How to hold an election in the middle of a pandemic
For starters, you'll have to bring your own pencil
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For starters, you'll have to bring your own pencil
Even though early polls show that British Columbians seem poised to vote John Horgan into a majority, that doesn't mean they're liking the BC NDP leader's idea to call a pandemic election one bit. More than half of respondents to an Innovative Research Group poll reported that a provincial election during a deadly pandemic would be a "bad idea." It's definitely going to be a different election: No hand-shaking, no rallies and probably not a lot of door knocking. Below, we looked into how BC's politicians aim to canvass votes from people they cannot approach or touch.
The timing for this isn’t great: Currently, BC has the country’s highest rate of COVID-19 per capita with an active case rate of 43 cases per 100,000 people. So, like most things these days, this election kicked off with a September 22 briefing by Provincial Health Officer Bonnie Henry. There, we learned that voting is still going to be possible in person, albeit with heavy precautionary measures: Mandatory masks (which are provided if you don’t bring one) and an official to ensure you sanitize your hands before and after voting. Also, you’re going to have to bring your own pencil.
Voting places have been reimagined to get people in and out as fast as possible. “Casting a vote will be like picking up a takeaway coffee” Elections BC representative, Anton Boegman said at the September 22 briefing. Under official BC Ministry of Health guidelines, voting places are not considered as a “gathering or event,” but it also means Elections BC officials will have to diligently keep the stations from accumulating more than 50 people at a time. So, the basic message is: Vote and leave (and don’t touch anything). Curbside voting will also be offered where British Columbians can vote from their vehicle.
Unlike typical elections, voters will not need a special reason to vote-by-mail (COVID-19 prevention is the special reason). Mail voting packages are available now through the Elections BC website, and you’ll receive a ballot, secrecy sleeve, and an instruction sheet to ensure voting integrity. While Elections BC is asking voters to request a voting package as soon as possible, be warned that ballots will be blank if voters apply for a package before the nomination deadline.
You’ll also have to be diligent about mailing out the package early; if Elections BC doesn’t receive your ballot by 8pm on October 24, it doesn’t count. Fortunately, for those squeamish about trusting their franchise with Canada Post, it’s also possible to deliver the package personally to a drop off site listed on the Elections BC website. As of this writing, an incredible 160,000 vote-by-mail packages have been requested by BC voters. Whoever wins this thing, we can already be assured that they put there disproportionately by people wearing pyjamas.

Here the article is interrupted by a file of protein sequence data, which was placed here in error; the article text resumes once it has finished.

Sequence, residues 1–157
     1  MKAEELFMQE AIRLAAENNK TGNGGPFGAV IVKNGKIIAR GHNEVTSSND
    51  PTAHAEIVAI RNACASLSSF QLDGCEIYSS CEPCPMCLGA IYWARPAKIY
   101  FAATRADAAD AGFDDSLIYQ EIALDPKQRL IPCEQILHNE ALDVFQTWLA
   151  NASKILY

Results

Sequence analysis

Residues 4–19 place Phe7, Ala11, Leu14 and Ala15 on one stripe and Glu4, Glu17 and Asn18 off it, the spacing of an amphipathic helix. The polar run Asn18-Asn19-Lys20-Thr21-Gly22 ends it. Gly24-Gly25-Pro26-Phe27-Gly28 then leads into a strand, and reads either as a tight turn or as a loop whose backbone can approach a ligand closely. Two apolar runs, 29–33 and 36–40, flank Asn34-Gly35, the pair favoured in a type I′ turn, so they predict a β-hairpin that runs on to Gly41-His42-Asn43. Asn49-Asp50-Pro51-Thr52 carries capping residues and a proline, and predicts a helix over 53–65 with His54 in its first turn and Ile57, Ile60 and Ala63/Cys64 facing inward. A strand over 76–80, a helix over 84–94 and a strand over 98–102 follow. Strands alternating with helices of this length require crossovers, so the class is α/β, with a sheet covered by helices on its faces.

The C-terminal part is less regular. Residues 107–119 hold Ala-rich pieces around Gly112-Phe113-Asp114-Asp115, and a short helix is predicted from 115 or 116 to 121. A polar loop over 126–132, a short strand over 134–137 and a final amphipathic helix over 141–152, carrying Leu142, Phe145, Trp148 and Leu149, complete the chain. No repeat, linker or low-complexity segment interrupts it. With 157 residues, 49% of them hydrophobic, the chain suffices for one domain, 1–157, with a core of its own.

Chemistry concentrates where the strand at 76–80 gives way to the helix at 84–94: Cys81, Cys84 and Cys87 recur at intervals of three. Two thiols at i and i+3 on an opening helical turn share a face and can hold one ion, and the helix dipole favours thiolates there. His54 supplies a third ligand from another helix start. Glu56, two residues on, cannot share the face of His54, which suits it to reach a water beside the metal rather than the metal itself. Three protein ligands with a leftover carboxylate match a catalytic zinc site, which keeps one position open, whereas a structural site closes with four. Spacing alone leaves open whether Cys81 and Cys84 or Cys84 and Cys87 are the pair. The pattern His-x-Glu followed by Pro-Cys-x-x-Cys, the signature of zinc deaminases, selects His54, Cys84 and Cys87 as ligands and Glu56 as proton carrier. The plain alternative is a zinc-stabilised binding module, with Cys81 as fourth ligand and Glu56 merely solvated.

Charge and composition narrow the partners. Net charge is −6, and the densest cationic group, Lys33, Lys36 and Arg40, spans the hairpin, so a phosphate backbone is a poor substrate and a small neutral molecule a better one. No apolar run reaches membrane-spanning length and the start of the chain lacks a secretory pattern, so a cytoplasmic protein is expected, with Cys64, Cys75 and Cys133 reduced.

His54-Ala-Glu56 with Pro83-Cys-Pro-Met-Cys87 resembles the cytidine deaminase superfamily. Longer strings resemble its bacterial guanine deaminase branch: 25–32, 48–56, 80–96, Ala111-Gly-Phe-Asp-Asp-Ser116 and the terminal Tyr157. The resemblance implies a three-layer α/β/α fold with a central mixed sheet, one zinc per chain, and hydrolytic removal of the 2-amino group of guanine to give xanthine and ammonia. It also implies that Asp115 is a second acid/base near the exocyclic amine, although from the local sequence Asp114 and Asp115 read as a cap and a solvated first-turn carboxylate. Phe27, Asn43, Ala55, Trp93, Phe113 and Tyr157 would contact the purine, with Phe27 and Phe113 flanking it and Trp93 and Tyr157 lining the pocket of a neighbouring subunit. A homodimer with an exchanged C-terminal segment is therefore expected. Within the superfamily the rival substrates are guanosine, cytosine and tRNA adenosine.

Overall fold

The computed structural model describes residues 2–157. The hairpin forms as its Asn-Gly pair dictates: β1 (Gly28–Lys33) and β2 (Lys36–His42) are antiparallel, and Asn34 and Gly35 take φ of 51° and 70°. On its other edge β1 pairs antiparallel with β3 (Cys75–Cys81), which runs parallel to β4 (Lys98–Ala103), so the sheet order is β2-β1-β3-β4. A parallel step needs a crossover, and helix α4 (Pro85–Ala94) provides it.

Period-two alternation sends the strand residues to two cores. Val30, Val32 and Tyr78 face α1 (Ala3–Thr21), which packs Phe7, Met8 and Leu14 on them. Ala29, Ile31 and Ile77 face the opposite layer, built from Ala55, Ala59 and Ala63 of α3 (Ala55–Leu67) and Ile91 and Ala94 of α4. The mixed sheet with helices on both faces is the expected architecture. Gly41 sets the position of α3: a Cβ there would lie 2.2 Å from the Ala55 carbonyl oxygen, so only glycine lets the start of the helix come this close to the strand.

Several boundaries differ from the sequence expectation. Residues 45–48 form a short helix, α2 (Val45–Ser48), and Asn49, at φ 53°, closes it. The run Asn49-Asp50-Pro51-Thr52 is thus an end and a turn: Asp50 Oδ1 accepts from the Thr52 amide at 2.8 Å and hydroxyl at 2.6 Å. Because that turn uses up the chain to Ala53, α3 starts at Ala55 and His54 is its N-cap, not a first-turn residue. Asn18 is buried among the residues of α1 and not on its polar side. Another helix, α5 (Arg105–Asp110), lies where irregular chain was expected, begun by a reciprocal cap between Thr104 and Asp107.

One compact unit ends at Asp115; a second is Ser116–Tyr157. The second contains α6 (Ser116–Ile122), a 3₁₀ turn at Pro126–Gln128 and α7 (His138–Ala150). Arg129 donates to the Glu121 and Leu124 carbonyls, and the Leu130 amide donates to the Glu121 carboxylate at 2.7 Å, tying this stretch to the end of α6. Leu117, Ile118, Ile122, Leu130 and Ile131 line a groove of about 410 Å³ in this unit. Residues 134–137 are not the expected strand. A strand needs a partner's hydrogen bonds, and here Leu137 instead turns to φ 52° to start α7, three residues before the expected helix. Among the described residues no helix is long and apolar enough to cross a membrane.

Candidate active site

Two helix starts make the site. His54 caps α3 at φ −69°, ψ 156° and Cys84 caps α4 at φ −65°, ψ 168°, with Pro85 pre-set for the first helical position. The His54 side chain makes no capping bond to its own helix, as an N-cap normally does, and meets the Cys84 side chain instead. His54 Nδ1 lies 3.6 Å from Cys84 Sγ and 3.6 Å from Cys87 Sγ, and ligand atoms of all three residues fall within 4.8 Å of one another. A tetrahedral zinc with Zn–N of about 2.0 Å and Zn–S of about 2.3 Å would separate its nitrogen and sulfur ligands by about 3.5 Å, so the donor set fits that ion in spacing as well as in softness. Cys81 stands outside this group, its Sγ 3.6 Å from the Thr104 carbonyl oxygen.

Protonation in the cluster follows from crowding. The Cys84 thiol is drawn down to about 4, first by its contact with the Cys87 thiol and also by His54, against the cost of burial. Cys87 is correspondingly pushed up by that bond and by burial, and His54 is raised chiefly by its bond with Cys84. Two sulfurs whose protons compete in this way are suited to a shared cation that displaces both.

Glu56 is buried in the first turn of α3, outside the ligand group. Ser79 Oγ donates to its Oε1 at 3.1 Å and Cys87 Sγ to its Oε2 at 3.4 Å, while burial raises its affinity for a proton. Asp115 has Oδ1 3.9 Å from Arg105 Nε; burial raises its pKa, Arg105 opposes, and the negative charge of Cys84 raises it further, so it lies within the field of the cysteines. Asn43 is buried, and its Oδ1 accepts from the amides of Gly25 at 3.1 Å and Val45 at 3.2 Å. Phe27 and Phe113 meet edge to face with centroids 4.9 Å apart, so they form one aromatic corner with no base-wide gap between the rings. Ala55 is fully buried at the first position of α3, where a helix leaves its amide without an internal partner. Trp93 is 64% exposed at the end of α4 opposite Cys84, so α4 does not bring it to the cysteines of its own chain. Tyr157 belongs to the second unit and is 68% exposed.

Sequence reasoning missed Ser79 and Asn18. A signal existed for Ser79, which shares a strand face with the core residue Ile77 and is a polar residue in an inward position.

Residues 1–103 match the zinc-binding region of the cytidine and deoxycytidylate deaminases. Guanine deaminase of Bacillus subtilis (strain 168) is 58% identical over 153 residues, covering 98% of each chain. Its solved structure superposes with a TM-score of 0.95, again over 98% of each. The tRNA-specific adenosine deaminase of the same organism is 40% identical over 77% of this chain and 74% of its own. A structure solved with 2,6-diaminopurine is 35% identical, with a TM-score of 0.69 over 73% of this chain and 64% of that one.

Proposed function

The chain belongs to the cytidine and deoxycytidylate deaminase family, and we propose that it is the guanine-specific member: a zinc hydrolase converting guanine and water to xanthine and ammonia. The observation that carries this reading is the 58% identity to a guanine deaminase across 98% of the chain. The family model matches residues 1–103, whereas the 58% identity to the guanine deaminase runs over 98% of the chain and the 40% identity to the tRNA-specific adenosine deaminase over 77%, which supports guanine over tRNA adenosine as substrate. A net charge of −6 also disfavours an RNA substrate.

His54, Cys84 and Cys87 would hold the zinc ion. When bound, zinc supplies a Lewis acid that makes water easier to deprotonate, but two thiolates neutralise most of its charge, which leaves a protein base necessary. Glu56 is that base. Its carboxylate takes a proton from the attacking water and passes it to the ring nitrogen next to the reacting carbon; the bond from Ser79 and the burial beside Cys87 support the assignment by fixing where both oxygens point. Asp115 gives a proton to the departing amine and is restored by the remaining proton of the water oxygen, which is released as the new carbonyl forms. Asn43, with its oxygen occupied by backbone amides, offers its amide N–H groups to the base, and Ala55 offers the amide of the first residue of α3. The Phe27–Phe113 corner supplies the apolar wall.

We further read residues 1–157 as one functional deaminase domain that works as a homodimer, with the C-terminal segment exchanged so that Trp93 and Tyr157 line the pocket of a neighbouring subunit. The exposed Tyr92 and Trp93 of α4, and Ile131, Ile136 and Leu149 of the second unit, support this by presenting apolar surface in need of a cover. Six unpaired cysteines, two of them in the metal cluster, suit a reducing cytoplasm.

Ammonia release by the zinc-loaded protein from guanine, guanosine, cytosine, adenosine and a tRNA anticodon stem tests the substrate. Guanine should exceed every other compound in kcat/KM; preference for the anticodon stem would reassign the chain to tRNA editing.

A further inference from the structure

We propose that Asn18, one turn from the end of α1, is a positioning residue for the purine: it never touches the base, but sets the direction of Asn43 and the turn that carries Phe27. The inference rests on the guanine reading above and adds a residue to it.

Telephone voting is also now extended beyond those with vision impairment or hearing loss. And, throughout the election, district electoral officers will be checking in with at-risk communities who have additional barriers to voting including seniors, First Nations, and people experiencing homelessness.
Elections were already shifting into the online space, and that’s going to be supercharged with this one. Rallies are definitely off the table, as are most of those events where politicians deliver a speech in front of a crowd of solemn workers in hard hats. In a typical election, party leaders shuttle from event to event in a bus packed with aides and reporters. BC Liberal leader Andrew Wilkinson noted the contrast in transportation this election when he posted a photo of him climbing into his “campaign bus”; a mid-sized sedan that he will be driving himself.
Several riding associations have already outright pledged not to send volunteers door to door, instead favouring an approach where, in the words of Comox-Courtenay Liberal candidate Brennan Day, voters “come to us.” So, car parades, drive-in speeches, outdoor festival-like events and that kind of thing.
The BC constituency that votes most of anyone, of course, is also the one with the most patchy connection to the internet. So, all three major parties are getting creative to ensure they can still reach seniors. The good news is many seniors have landlines … being able to contact those who are not adept at the internet is going to be the easiest part of the campaign, quite frankly,” BC NDP leader John Horgan said early in the campaign.
The BC Liberals, meanwhile, are angling to hold three televised debates to the usual one, arguing that “access and exposure of candidates will be far more limited due to the pandemic than during a ‘normal’ election period.”
BC is only the second province to go to the polls in the midst of a pandemic, of course. New Brunswick went to the polls only a week before BC dropped the writ, and residents in the Atlantic province have reported that the campaign was a somewhat eerie experience of seeing signs and pamphlets manifest themselves in a neighbourhood — but with few sightings of the actual human volunteers installing those things.
New Brunswick Green Leader David Coon told Canadian Press that his party coped by putting candidates in the back of a truck and then driving them through busy areas to answer shouted questions from potential voters. “When you’re trying to talk to people and you’re wearing a mask, they’re wearing a mask, and you’re distanced apart, it’s not as comfortable as a normal conversation,” Coon reported.
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